Lay Historians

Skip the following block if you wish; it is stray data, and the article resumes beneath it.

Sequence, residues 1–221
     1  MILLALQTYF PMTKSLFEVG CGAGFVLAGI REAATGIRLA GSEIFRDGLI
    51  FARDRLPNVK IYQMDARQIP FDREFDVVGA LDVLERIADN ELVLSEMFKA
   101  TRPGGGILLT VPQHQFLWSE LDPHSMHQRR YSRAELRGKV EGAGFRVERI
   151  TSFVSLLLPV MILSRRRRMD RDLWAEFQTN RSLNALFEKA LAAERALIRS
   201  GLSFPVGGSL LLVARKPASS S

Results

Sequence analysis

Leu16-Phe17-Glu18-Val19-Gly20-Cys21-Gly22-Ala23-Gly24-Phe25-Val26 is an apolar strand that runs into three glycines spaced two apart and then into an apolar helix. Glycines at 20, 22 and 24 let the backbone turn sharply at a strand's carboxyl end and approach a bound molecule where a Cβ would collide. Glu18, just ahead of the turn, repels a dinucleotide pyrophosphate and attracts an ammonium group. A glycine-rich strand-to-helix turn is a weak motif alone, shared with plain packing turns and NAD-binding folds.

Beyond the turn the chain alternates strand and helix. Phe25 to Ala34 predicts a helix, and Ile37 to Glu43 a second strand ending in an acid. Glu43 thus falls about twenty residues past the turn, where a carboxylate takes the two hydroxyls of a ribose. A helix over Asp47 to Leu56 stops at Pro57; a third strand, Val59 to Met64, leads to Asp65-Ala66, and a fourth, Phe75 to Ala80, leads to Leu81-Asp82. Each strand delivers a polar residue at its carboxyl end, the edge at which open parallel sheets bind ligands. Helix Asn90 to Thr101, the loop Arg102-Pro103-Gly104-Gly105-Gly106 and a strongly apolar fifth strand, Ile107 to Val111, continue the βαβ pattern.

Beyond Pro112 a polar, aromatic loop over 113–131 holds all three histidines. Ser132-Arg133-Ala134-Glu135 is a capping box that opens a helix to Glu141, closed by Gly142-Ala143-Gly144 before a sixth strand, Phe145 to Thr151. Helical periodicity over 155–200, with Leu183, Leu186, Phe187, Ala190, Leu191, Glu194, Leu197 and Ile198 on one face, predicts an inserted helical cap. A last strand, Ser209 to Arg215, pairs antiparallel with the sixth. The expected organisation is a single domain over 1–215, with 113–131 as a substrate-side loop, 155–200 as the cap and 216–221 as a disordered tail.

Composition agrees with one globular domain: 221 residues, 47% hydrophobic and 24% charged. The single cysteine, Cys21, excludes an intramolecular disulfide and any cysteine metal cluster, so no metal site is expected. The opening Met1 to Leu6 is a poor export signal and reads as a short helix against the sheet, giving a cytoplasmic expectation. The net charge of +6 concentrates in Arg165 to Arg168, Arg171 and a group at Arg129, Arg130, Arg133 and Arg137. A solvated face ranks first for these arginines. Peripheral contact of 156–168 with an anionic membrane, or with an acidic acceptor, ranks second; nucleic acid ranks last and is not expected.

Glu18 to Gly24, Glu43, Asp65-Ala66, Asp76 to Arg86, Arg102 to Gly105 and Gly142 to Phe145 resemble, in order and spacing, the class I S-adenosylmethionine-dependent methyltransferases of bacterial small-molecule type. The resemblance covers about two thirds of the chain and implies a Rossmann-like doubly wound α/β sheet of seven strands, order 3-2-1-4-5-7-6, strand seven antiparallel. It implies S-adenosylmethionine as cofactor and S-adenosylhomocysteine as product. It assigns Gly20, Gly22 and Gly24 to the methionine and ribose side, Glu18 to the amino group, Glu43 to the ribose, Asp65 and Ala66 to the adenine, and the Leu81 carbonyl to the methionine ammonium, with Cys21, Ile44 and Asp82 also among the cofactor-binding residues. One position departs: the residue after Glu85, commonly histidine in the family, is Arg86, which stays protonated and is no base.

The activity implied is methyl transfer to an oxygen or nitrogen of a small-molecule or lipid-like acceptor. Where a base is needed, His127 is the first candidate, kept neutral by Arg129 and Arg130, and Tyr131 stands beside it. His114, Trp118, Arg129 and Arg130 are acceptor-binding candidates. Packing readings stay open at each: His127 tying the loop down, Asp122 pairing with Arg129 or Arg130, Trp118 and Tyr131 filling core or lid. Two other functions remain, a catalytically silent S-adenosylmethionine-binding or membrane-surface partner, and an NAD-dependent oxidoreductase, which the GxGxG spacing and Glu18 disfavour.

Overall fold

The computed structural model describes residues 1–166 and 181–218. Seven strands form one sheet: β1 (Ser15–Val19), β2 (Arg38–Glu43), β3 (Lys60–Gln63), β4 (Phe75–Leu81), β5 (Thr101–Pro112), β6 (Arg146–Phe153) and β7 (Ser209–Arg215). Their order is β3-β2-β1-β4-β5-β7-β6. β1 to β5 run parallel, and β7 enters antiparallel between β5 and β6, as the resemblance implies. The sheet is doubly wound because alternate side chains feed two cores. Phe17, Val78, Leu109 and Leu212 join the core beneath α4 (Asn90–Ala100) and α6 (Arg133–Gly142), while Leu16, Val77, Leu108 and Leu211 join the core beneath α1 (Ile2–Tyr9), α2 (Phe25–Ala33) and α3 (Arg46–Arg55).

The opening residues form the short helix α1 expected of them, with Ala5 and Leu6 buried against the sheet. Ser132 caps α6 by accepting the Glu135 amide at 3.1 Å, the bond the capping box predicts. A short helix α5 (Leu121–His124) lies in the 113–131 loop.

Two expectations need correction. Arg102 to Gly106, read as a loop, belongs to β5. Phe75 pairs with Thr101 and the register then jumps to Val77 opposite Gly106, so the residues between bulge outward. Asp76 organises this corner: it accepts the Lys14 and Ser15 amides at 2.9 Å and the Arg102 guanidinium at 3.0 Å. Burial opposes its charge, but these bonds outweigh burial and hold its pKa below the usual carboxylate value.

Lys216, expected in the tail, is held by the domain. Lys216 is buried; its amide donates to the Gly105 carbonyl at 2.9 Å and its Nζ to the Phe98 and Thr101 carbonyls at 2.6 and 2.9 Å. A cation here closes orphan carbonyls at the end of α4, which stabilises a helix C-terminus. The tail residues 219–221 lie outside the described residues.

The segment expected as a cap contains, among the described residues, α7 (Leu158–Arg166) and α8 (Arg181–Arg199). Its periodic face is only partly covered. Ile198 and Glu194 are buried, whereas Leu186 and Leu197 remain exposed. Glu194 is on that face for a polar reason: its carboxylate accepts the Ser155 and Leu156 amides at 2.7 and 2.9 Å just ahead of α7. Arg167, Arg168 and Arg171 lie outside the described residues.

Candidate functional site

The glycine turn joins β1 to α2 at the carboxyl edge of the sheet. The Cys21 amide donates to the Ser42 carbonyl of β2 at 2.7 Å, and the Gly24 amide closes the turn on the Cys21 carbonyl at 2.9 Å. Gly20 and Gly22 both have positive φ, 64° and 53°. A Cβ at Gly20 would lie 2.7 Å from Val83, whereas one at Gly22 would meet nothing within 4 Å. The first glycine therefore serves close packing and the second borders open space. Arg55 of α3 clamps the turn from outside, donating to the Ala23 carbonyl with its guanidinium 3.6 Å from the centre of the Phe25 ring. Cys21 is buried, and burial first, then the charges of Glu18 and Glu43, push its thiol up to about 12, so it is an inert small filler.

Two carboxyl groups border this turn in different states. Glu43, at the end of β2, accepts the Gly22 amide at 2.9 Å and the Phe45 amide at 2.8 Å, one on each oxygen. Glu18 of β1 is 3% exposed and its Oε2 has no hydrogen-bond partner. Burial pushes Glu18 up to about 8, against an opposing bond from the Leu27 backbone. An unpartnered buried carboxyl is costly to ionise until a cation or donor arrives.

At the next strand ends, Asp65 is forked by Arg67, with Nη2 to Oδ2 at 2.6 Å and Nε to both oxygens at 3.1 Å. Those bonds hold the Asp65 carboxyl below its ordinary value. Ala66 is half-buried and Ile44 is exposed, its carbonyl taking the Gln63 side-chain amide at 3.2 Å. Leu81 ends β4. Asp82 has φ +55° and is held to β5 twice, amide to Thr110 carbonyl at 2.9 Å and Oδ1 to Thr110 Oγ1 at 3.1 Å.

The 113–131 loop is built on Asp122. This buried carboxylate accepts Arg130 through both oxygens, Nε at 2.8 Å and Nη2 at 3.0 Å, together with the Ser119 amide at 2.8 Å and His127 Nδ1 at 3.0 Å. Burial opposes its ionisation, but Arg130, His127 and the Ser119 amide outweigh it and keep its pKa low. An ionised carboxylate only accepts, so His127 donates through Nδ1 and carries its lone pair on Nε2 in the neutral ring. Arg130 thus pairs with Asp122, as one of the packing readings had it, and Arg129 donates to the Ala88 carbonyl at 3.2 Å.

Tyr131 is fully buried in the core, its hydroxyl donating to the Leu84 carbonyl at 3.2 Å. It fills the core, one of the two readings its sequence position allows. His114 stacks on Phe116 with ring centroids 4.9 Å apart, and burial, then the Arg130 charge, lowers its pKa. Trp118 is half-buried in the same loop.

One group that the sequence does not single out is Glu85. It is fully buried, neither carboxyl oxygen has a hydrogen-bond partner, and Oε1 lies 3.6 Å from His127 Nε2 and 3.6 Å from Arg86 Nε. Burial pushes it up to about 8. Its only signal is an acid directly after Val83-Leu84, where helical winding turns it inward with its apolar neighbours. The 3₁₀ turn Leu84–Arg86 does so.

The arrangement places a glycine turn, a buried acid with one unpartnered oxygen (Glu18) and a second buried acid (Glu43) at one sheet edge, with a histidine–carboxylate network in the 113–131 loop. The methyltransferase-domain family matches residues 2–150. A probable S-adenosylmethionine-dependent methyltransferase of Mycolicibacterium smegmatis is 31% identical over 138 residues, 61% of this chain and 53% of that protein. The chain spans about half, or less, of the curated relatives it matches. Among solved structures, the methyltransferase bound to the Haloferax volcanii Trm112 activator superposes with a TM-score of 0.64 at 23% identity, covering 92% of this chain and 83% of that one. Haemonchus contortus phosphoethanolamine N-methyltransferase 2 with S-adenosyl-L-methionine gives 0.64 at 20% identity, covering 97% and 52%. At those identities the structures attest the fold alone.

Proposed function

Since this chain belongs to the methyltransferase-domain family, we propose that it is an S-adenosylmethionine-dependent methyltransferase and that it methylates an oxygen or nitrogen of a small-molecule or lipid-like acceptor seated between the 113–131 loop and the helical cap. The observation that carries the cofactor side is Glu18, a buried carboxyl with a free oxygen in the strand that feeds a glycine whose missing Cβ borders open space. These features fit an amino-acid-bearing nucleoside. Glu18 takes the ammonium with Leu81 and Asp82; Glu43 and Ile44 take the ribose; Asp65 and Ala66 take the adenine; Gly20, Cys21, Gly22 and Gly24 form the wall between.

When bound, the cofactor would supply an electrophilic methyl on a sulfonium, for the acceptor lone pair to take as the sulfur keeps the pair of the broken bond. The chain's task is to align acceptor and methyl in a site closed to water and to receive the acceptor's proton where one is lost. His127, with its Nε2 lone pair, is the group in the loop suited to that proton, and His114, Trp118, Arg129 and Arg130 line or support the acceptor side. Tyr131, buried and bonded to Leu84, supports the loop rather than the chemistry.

A couple of inspiring accounts of lay historians have just appeared. The story of Tony Clunn, who discovered the site of the Battle of the Teutoberg Forest, is written up by Peter McDermott in the Free Library. Clunn has earned his living as a British Army officer. Adrian Murdoch's blog drew my attention to this. An account of Hershel Shanks, a US lawyer who has become a leader in the field of biblical archaeology, appears in the New York Times. With a degree of false modesty, Shanks describes himself as an outsider to the field, a person who wouldn’t have gotten into it had he known how much it was divided into specialties and subspecialties. Of course he would have! The vital quality in a lay historian today is enterprise: the ability to weld together the work of many specialists into a coherent whole and to perceive opportunities which the specialists do not notice because they are too close to the topic.

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